Unusually powerful and intimidating for a skill position player, Boldin delivered a devastating shoulder block to San Diego Chargers free safety Eric Weddle to spring running back Ray Rice on his fourth-and-29 conversion during the Ravens' 16-13 overtime victory in late November. The impact of the blow left Weddle woozy with a concussion when Boldin blindsided him.
Boldin is about 220 pounds of bad news for defenders, with trademark toughness, body control, sound hands and precise routes to overcome his lack of speed.
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"Anquan is one of the most physical players in the game that I've ever seen," said Pollard, a strong safety who earned the nickname, "The Bonecrusher," for his hard-hitting ability. "Anquan is a guy who's respected by so many. He's a guy who will tussle with you. I love the way he plays."
Heading into Sunday's wild-card round game against the Indianapolis Colts at M&T Bank Stadium, Boldin's gritty style is something the Ravens have grown accustomed to using as an edge over smaller defensive backs.
It's a blue-collar approach to the game that Boldin first embraced as an all-state all-purpose quarterback growing up in Pahokee, Fla.
"I refuse to be the guy that's taking the punishment," Boldin said. "I'd rather be the guy dishing it out."
During the 2008 season, when he was a member of the Arizona Cardinals, Boldin absorbed a crushing hit from New York Jets safety Eric Smith in which the wide receiver was knocked unconscious and suffered a fractured facial bone. Just three weeks after undergoing surgery to repair the damage in October, Boldin was back on the field and caught nine passes for 63 yards and two touchdowns against the Carolina Panthers.
"In my generation as far as offensive players that we're just talking about pure respect that you had for them as a defensive player, Anquan Boldin is right at the top of the list," said former NFL safety John Lynch, a Fox television analyst. "He reminds me of Hines Ward because you see him knocking people out on blocks and making the big catches in big games. I have so much respect for him because he plays the game the way I believe it should be played."
Boldin led the Ravens with 65 receptions for 921 yards and four touchdowns during the regular season despite not possessing conventional speed.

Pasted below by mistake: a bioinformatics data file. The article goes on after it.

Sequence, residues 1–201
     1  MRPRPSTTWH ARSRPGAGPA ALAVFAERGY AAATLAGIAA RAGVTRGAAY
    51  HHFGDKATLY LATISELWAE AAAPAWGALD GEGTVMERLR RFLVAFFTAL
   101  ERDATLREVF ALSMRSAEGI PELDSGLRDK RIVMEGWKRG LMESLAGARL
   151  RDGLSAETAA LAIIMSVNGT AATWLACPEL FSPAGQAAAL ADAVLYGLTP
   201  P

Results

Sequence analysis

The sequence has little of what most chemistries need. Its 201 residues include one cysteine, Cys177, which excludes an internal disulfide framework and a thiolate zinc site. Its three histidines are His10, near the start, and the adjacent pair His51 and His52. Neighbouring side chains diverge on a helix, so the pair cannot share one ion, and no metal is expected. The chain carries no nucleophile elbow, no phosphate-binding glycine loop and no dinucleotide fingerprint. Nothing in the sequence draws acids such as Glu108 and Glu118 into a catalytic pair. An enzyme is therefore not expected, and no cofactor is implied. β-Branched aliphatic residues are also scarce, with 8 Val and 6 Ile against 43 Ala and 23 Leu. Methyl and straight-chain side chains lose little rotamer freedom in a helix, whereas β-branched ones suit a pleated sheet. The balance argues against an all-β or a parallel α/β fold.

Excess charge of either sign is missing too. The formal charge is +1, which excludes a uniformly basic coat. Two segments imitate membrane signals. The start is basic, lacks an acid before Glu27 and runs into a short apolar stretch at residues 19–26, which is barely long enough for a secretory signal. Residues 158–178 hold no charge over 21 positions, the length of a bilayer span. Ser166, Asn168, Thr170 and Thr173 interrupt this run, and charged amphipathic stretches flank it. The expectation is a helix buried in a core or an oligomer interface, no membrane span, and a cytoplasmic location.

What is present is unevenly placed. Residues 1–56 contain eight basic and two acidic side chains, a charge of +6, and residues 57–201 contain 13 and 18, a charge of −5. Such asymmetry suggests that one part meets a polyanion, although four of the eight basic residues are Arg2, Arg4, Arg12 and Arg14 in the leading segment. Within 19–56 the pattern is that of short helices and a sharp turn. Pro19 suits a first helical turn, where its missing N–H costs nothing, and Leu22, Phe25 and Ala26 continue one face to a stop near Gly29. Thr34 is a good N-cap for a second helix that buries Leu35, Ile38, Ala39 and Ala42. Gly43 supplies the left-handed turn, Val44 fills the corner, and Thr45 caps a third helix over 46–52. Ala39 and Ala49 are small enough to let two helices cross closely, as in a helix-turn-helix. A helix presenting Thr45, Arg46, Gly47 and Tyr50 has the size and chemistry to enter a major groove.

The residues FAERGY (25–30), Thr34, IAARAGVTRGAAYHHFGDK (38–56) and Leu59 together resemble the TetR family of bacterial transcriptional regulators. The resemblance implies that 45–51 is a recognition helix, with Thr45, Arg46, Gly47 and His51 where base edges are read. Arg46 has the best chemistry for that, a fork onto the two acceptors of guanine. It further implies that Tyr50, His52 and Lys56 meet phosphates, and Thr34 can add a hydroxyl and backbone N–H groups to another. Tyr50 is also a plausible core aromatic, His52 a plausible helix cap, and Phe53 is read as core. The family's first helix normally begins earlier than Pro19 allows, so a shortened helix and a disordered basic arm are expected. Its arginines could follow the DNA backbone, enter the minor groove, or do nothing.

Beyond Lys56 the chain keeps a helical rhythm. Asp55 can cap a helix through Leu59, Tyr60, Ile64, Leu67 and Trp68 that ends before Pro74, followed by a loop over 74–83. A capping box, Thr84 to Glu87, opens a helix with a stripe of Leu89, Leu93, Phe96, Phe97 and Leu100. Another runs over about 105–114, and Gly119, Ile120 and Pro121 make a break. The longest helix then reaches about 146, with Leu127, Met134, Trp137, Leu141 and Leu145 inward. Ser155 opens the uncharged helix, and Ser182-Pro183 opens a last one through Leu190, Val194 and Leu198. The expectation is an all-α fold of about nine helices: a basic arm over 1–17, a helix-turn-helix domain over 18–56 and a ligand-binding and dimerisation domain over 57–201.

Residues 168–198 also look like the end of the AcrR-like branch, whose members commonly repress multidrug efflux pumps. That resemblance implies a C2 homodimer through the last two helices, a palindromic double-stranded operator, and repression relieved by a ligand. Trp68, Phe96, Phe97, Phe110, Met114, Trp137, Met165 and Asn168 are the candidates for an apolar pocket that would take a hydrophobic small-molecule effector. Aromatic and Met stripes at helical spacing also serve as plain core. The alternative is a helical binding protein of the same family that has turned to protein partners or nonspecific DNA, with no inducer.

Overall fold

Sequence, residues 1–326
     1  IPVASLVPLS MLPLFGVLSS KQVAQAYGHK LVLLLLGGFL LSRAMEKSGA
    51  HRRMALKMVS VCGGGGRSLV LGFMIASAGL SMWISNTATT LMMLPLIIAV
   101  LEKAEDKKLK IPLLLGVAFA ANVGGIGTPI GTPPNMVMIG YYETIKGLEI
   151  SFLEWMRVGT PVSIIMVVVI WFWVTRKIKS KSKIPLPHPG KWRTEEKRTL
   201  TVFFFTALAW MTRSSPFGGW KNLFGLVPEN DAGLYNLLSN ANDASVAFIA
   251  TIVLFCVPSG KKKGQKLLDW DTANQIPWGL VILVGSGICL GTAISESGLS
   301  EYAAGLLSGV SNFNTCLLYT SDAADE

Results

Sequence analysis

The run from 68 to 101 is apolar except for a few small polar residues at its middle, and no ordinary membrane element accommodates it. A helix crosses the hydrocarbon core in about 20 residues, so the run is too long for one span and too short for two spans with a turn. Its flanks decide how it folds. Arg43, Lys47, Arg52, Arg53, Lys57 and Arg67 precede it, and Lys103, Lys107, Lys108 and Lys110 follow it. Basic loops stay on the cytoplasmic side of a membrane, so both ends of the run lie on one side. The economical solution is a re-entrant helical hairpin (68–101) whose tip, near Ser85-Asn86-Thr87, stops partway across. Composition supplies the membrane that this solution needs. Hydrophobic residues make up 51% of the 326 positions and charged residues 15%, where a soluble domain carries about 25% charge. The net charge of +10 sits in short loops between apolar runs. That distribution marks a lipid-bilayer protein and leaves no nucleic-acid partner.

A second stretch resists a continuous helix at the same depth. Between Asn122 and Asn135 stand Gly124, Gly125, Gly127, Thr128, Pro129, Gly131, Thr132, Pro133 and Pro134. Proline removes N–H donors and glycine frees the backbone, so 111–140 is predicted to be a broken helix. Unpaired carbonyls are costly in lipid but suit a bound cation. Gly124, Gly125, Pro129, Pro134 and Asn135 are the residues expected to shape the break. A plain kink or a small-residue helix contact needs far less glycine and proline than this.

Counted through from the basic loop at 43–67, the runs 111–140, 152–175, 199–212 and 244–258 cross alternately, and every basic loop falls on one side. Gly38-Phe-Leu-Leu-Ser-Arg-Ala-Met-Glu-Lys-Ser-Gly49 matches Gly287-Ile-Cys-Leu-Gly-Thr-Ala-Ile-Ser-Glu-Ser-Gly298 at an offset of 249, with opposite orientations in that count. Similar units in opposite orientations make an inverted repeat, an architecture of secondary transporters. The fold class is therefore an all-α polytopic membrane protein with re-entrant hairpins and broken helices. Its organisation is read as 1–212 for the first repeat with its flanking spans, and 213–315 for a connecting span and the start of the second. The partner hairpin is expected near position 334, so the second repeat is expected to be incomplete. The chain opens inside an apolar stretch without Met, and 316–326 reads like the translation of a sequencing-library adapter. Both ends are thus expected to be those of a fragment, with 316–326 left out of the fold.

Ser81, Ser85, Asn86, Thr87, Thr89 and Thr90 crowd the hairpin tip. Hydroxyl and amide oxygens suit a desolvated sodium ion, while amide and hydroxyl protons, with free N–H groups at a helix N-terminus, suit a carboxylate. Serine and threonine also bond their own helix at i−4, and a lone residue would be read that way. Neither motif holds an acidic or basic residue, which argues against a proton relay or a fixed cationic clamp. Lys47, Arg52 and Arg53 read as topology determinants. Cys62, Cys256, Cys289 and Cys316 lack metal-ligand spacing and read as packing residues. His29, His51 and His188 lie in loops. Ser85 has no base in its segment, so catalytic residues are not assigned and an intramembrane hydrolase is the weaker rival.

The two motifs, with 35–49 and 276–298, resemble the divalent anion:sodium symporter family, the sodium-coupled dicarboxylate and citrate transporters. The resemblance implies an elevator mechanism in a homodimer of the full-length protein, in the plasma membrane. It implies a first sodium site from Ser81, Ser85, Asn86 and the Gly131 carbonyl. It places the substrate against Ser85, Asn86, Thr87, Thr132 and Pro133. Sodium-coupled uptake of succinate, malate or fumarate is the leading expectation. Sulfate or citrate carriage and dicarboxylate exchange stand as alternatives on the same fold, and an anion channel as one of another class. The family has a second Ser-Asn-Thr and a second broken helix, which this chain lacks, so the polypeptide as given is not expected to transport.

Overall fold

At the NFL scouting combine in 2003 coming out of Florida State, Boldin ran the 40-yard dash in a pedestrian 4.72 seconds. The time hasn't prevented Boldin from using positioning and crisp pass patterns to get open and make catches. Boldin had at least 1,000 yards receiving in five seasons with the Cardinals, and he caught more than 100 passes twice.
Boldin excels at setting up a defensive back with a head fake, a jab step or a timely shove to throw the player off guard, muscling them for position.
"I think when guys understand what they're trying to get done and understand their assignments, they play a lot faster than a guy who is hesitant," Boldin said. "I don't think my speed has ever hurt me. I've always been able to accomplish whatever I needed to."
Boldin built up his leg strength while growing up in Pahokee, running on the famed "Muck," a stretch of thick black sand where NFL players Rickey Jackson, Fred Taylor and Santonio Holmes also trained.
Boldin also devotes himself to resistance training in the offseason, using elastic bands to improve his ability to break through tackles.
"Most of it's just natural, but I also put in a lot of hard work," said Boldin, who was named the Ravens' Walter Payton NFL Man of the Year on Friday for his charity involvement. "You've got to pay the price."
For his career, the three-time Pro Bowl selection has 772 receptions for 10,165 yards and 58 touchdowns.
"He just has a knack," Ravens coach John Harbaugh said. "He's very strong, has great hands, great body control, great knowledge of the game, incredibly tough, hard-nosed guy."
In a locker room populated by many legitimate tough guys, Ravens offensive tackle Michael Oher ranked Boldin among the top three on the roster. That elite group includes fullback Vonta Leach and offensive guard Marshal Yanda.
Boldin is a man of few words, preferring to go about his work without seeking the spotlight.
"Anquan's a quiet leader," Leach said. "He don't say much. I've never seen him do an interview. He just goes about his business. He's a tough guy who cares about the game more than people talking about him."
Even if Boldin appears covered, quarterback Joe Flacco is confident throwing the football in his direction because he knows that he'll outmuscle the man who's guarding him.
"That's just how I play," Boldin said. "I've always played that way. I look at pass catching like playing basketball. I love blocking, catching and running after the catch. That's just being a football player."